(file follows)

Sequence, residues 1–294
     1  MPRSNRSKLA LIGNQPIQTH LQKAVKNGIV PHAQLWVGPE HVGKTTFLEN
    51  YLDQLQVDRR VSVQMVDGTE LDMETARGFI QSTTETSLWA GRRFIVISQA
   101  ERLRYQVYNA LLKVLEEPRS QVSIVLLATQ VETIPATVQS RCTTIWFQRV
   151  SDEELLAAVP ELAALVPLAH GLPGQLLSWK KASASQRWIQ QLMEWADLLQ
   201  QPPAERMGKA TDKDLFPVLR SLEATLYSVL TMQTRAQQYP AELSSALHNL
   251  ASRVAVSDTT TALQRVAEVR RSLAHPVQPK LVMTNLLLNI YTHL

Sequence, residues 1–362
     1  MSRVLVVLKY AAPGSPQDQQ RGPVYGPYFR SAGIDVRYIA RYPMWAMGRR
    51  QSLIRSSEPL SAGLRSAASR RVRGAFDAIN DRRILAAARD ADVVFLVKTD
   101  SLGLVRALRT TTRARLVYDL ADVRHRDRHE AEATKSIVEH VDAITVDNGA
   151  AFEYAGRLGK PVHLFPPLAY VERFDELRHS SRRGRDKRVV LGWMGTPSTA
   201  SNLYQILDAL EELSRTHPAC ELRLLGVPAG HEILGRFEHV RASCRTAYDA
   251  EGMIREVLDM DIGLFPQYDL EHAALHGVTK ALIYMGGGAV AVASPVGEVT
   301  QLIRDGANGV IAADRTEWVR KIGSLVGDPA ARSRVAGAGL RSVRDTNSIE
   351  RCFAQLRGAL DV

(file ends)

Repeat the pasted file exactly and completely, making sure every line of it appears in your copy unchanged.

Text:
Sequence, residues 1–294
     1  MPRSNRSKLA LIGNQPIQTH LQKAVKNGIV PHAQLWVGPE HVGKTTFLEN
    51  YLDQLQVDRR VSVQMVDGTE LDMETARGFI QSTTETSLWA GRRFIVISQA
   101  ERLRYQVYNA LLKVLEEPRS QVSIVLLATQ VETIPATVQS RCTTIWFQRV
   151  SDEELLAAVP ELAALVPLAH GLPGQLLSWK KASASQRWIQ QLMEWADLLQ
   201  QPPAERMGKA TDKDLFPVLR SLEATLYSVL TMQTRAQQYP AELSSALHNL
   251  ASRVAVSDTT TALQRVAEVR RSLAHPVQPK LVMTNLLLNI YTHL

Sequence, residues 1–362
     1  MSRVLVVLKY AAPGSPQDQQ RGPVYGPYFR SAGIDVRYIA RYPMWAMGRR
    51  QSLIRSSEPL SAGLRSAASR RVRGAFDAIN DRRILAAARD ADVVFLVKTD
   101  SLGLVRALRT TTRARLVYDL ADVRHRDRHE AEATKSIVEH VDAITVDNGA
   151  AFEYAGRLGK PVHLFPPLAY VERFDELRHS SRRGRDKRVV LGWMGTPSTA
   201  SNLYQILDAL EELSRTHPAC ELRLLGVPAG HEILGRFEHV RASCRTAYDA
   251  EGMIREVLDM DIGLFPQYDL EHAALHGVTK ALIYMGGGAV AVASPVGEVT
   301  QLIRDGANGV IAADRTEWVR KIGSLVGDPA ARSRVAGAGL RSVRDTNSIE
   351  RCFAQLRGAL DV